The novel in Spain: 1550-1630
Most historians see the Spain of the mid-sixteenth century as the birthplace of the novel, or at least of a form of fiction that they see leading clearly toward the eighteenth century novel of sensibility. The feature that sets these Spanish novels apart from their predecessors is their use of a first-person narrator who relates with unembarrassed candor the degradations of his life. Moreover, this character is a believably real Spaniard of the current time, who vividly depicts the sights, sounds, and, particularly, smells of the actual environment. One way to see this development of the novel is as a combining of the realistic/satiric mode with the confessional mode in Christian devotion, as exemplified by Augustine’s Confessions. However this form is defined, the anonymous author of Lazarillo de Tormes (1554; English translation, 1576), which began this trend, hit upon a formula that changed European fiction and set it on a road it has followed ever since.
Why this phenomenon first occurred in Spain rather than elsewhere in Europe has been much debated. One reason frequently cited involves Spain’s position in the sixteenth century as the most religiously and philosophically conservative nation in Europe, the country under the strongest domination by the Catholic Church and with the most rigid socioeconomic stratification. Whereas in England, for example, the satiric impulse produced visions of reform, such as Utopia and countless manuals for improvement in education and manners, in Spain the satiric eye looked inward and beneath the skins of other humans, to dwell on corruptions of the soul. In this climate, Renaissance Humanism merely deepened the cynicism, because it kept the observer focused on the imperfections of the here and now by denying the medieval choice of seeing this “vale of tears” as a mere stepping-stone to eternal glory. Whereas Augustine’s Confessions become a prayer of hope and thanksgiving, Lazarillo de Tormes and the works to follow—including the greatest, Don Quixote de la Mancha (1605, 1615)—end with the hero facing death or in a temporary lull before the next, and certain, disaster. What makes this literature comic and compelling is that the narrators are so resigned to the status quo that they can view the grotesque happenings they relate without anxiety; by contrast, the greedy and ambitious in these novels appear funny fools indeed, because they lack the hero’s peace of mind.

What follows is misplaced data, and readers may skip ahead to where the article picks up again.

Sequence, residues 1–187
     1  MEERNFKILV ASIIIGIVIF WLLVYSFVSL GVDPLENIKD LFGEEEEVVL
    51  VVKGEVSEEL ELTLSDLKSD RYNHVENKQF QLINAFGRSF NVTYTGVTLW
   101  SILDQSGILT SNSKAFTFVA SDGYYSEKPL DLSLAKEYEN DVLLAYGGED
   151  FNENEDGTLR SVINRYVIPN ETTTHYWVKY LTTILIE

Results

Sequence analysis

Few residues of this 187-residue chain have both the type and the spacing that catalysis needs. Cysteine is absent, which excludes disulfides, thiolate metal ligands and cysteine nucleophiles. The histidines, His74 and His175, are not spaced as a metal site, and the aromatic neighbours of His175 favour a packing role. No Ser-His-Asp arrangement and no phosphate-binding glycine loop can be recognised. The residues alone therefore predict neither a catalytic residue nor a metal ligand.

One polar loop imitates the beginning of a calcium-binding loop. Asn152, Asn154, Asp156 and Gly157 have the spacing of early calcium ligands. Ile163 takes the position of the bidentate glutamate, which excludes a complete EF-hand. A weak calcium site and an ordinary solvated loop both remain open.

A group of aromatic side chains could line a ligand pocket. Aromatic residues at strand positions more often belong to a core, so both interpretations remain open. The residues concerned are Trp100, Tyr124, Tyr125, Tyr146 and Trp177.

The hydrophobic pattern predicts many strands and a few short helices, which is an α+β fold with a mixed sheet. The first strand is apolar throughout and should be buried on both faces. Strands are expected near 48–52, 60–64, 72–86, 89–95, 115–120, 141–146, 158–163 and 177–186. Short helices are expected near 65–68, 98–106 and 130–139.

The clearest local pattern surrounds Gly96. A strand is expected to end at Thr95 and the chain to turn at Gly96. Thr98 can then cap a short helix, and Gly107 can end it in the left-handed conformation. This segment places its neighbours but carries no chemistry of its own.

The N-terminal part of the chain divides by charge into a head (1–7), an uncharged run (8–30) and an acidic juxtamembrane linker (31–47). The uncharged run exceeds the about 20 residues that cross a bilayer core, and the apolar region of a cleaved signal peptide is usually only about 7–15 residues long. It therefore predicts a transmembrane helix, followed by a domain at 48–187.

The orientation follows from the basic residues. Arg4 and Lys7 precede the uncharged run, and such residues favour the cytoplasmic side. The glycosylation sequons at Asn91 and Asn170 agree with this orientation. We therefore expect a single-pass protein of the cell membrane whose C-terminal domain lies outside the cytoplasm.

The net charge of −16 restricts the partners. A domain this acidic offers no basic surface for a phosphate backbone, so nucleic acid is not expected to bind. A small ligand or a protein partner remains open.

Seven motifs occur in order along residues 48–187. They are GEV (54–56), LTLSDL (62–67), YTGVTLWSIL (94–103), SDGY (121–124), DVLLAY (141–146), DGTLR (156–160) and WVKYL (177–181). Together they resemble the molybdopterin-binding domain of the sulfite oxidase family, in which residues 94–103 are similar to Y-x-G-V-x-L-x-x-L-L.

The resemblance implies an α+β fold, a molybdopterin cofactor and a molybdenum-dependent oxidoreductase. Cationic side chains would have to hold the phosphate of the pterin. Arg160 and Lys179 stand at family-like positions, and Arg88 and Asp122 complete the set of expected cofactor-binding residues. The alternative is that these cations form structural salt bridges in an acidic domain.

In design, Lazarillo de Tormes and its followers retain the episodic structure of the medieval satires and the travel motif—the movement from adventure to adventure—of the Pentateuch, the Odyssey, and the tales of knighthood, but Lazarillo de Tormes departs from this tradition in its exact descriptions of the contemporary milieu and in the confessional candor of the title character. The portraits of Lázaro’s masters, in particular the blind man, the squire, and the pardoner, are precisely drawn; one is convinced of the actuality of these men, even as one understands their function as representatives of several classes of Spanish society. Lázaro’s self-portrait is the most convincing. He describes his experiences so minutely and accepts his sufferings so humbly that there can be no doubt that the reader is being addressed by the same man who has lived these adventures. One does not question, while reading, how the illiterate son of illiterate parents can so casually allude to the classics during his discourse; one merely enjoys his erudition, his practiced blending of formal address with the minutiae of the streets. The allusions, it is assumed, are convenient phrases he has picked up during a lifetime of surviving by his wits and his tongue. Yet herein lies the romantic illusion of the story and perhaps the essence of its charm, both in the sixteenth century and now: Lazarillo de Tormes simultaneously allows the reader to rub elbows with the oppressed, persevering child of poverty and to be comforted that Lázaro’s life of pain does not lead to early death or to a career of villainy, but rather to mental serenity and the material reward of his clever tactics.
Lazarillo de Tormes spawned many imitations; what was fresh at the origins of the Spanish picaresque became, in a period of some...
(The entire section is 1777 words.)